1. Don't ruminate. Whether it's layoffs or other cost-cutting measures, don't try and blame anyone else or dwell on what might have been done before the crisis hit. "Lousy leaders engage in useless rumination about what might have been and who is to blame, and invent excuses for delaying gut-wrenching but vital actions," they write. But good leaders try to move the team forward. For example, Microsoft CEO Satya Nadella's attitude throughout the pandemic has been "a dogged and optimistic focus on what his company can do and how his people can keep learning."

2. Be compassionate. "Skilled leaders demonstrate they care by expressing compassion for the harm and emotional distress inflicted by the crisis at hand and the actions they and their organization take in response," they write. Leaders need to understand that people are in different stages of the grieving process because of the pandemic, and support for them will make it easier for employees to focus on the greater good instead of just themselves.

3. Offer predictions. Research shows that "threats to well-being do less harm if reliable signals enable people to know when they are safe from the threat verses when it is imminent, fear is warranted, and it is time to take action to minimize risk," they write. For example, Stanford University mitigated some of the stress for employees by announcing that the university would pay all full-time employees their current rate through August.

4. Offer simple explanations. Leaders should rely on simple headlines and repetition, "because the anxiety provoked by crises can make it hard for people to process complex information," they say.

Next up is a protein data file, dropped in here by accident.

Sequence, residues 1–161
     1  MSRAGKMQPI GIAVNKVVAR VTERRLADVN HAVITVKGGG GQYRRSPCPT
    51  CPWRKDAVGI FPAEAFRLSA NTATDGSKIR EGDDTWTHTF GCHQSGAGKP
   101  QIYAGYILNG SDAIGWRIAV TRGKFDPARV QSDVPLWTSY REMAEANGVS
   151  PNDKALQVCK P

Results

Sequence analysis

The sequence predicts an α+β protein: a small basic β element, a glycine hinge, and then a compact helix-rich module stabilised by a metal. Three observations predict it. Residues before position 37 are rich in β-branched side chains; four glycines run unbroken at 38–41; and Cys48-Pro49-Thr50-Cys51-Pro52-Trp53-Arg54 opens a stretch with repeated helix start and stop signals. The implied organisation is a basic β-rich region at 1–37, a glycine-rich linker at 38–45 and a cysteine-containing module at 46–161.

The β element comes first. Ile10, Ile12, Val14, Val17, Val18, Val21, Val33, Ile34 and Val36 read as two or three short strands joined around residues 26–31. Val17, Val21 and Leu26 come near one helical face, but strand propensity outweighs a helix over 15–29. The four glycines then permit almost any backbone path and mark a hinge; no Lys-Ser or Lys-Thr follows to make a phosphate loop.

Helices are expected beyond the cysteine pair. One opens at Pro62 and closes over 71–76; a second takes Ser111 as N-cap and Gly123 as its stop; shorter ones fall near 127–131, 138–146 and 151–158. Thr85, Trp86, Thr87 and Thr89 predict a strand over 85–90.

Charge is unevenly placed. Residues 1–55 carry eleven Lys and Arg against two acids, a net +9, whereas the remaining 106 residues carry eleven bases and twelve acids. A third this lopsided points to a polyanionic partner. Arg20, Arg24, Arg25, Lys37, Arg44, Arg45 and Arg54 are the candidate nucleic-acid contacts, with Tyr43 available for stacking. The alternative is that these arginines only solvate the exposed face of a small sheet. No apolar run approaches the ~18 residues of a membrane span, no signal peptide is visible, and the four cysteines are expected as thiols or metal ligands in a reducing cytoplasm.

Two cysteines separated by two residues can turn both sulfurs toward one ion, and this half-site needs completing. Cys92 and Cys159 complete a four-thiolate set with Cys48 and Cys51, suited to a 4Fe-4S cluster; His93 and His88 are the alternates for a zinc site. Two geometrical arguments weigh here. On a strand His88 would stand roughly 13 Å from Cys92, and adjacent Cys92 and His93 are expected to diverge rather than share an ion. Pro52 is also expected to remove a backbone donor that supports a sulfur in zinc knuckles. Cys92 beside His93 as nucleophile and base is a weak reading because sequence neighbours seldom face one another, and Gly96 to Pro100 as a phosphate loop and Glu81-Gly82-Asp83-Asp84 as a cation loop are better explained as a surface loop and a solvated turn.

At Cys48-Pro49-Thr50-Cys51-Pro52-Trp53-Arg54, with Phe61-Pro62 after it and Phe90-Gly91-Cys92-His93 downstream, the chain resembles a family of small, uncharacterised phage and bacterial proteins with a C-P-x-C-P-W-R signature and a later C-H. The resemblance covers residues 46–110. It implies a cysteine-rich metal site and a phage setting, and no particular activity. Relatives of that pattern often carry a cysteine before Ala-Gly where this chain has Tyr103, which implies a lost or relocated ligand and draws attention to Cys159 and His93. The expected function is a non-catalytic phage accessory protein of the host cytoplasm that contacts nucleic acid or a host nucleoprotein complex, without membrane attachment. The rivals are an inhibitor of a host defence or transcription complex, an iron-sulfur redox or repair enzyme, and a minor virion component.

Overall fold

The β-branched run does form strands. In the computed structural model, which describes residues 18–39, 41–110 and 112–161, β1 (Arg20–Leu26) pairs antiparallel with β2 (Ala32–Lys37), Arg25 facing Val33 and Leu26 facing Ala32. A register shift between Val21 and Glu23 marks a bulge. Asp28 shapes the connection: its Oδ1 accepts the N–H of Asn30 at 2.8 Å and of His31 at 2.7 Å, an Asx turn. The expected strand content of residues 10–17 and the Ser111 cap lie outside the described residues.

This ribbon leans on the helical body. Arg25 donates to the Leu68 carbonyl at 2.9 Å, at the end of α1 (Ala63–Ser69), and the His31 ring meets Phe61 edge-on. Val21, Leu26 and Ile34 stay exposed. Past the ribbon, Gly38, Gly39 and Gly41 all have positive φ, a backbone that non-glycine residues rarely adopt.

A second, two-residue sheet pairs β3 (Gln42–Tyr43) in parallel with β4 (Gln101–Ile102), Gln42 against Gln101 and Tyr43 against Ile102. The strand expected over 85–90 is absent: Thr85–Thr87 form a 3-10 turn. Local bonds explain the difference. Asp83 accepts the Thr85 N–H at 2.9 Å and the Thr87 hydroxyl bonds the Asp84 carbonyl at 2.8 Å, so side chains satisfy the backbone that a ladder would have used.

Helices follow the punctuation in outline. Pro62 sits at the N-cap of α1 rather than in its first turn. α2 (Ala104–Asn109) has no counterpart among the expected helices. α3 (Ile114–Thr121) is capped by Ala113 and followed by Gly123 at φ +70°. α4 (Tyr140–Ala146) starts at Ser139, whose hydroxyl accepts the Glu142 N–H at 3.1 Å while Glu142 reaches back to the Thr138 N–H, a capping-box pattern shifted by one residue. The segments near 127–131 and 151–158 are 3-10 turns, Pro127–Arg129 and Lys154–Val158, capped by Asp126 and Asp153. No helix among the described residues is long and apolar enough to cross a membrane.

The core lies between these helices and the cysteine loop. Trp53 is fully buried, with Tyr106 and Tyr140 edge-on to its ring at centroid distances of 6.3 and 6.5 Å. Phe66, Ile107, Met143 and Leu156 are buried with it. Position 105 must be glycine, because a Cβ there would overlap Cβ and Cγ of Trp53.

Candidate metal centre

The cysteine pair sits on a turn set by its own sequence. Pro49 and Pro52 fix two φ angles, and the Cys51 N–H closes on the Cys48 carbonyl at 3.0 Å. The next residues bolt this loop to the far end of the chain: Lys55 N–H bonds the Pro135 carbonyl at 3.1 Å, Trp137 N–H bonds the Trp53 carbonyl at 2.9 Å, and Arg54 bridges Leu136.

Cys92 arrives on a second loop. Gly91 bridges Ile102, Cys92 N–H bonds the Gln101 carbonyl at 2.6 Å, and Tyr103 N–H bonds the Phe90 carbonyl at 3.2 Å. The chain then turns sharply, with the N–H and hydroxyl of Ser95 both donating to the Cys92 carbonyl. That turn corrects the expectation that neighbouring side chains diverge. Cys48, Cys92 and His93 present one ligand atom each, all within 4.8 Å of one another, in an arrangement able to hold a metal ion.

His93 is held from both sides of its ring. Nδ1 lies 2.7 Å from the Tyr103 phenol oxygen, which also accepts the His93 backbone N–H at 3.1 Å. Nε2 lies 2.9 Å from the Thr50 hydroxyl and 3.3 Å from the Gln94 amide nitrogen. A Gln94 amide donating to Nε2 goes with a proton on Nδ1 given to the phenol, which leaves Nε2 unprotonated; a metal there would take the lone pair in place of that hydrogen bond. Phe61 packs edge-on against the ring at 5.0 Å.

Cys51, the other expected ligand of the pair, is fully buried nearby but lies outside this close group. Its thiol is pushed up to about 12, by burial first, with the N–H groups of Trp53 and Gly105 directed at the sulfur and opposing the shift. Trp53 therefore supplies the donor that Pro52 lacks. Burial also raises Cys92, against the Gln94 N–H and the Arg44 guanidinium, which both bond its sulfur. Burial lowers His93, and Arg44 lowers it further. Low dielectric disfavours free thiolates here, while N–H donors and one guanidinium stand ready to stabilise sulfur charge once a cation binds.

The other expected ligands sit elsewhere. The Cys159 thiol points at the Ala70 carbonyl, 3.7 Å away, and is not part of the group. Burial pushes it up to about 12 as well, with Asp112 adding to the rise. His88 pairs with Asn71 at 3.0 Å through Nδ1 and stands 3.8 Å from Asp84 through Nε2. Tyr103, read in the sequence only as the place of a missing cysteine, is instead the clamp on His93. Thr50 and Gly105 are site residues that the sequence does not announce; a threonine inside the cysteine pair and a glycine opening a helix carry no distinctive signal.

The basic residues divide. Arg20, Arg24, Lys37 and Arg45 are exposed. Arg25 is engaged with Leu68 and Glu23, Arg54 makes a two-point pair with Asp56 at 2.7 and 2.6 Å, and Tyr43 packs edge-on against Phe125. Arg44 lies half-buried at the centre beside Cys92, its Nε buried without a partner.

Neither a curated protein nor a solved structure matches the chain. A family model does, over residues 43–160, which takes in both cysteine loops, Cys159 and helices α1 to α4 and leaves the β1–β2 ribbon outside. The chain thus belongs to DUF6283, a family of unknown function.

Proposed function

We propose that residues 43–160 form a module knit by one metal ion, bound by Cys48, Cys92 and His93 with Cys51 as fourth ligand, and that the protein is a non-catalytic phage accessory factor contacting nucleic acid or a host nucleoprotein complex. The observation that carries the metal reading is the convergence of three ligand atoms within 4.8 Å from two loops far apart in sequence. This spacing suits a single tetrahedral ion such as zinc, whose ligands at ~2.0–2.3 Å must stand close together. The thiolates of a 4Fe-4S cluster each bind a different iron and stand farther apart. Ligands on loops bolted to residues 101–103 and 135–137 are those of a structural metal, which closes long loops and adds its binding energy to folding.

5. Offer some control. When Airbnb's leaders needed to layoff workers, they did so in one-on-one meetings, offering as much compassion and control as possible. Workers were given a week to say goodbye to colleagues and received four months of career-services assistance.


 

Monday, August 10, 2020

Survey Reveals What Hiring Managers Want Now


It's always a good idea to know what's on the minds of hiring managers. That way, you can address the issues they think are important in your resume and cover letter, and speak knowledgeably about the issues that garner their interest.

Here's some research from Lever based on 700 talent and HR decision-makers in the U.S. and Canada:

  • Only 14% of companies are on a total hiring freeze as a result of COVID-19, and 40% believe they’ll emerge post-pandemic stronger, with better strategies and tools. Some industries are even more optimistic. Some 48% of respondents in the software industry believe they'll emerge stronger, followed by those in infrastructure (46%), finance (44%) and retail (43%).
  • Recruiters have kept busy: 37% spent time rethinking their recruiting processes, while 41% cleaned up their recruiting data during slower hiring times.
  •  84% of recruiters leaned more heavily on phone interviews as a result of the pandemic, while 85% of them leaned more heavily on video interviews.
  • 62% agree they will need to hire workers with skills that weren’t needed before; the top new skills required are adaptability (68%), communication (60%) and technology proficiency (55%).
  • 50% said diversity and inclusion initiatives will become more of a priority as companies proactively work to combat racism in the workplace.
What this information tells you is that if you're looking for work right now, chances are good that you're going to to need to practice more for phone or video interviews, and make sure you have quiet space to do the interview and the right connectivity.

  Another point to consider is that you need to have examples ready to demonstrate your adaptability, good communication skills and whatever tech skills you might have (if you don't have many, now is a good time to take some online tutorials or ask your nephew who is a tech wizard to teach you a few things).